On the 11th, the rev, Thos. Furby. dered him to be conducted to Tarra

On the 16th, at the age of 75, Mr. gona, and enjoined him to fix bis resis

Thomas Cleghorn, formerly a merdence in that town. . A detachment u chant in the city, and afterwards of St.

Omer's college. Froin the time that troops had the care of hiin, and also

the members of this establishment of a priest, and of a religious on the

were obliged, by the French revoluroad; they arrived on the 16th of the

tion, to seek a refuge in England, this same month at Opdalt ; here the bi- gentleman has constantly resided at,

Old Hall Green. His death was shop was ordered to alight from the

nearly sudden, although he had long earriage by the commander of the de

prepared himself for the awful event. tachment, who immediately fired at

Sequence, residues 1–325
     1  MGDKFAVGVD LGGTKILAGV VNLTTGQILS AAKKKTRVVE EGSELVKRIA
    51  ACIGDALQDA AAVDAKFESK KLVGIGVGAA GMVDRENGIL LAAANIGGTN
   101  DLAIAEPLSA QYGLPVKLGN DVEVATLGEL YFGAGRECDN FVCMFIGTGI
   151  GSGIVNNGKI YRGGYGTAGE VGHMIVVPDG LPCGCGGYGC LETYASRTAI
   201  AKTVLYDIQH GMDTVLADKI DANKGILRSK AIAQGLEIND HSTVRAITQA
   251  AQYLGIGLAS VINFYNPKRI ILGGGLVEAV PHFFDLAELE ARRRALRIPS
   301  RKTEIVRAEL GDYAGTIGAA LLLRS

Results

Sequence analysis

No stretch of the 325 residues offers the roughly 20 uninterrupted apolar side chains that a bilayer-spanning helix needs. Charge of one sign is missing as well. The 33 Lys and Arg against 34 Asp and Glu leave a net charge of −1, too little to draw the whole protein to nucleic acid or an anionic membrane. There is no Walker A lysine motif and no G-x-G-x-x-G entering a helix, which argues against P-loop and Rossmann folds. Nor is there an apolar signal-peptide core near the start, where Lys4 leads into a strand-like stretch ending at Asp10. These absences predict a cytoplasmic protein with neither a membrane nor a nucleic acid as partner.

The natural goodness of his heart, him with a pistol, and shot him dead with the suavity of his manners, and upon the spot, · The priest and the his affectionate disposition, had enreligious met their death in the same

deared him to his numerous friends,

while his fervent and unaffected piety manner. The bishop was 63 years of

affords a well-grounded hope, that he age, and belonged to the order of

has changed a mortal life for a bliss, Cordeliers, he was consecrated in ful eterniiy.

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AMBROSE Cubdon, Printer, 2, Carthusian-street, Aldersgate-streat. .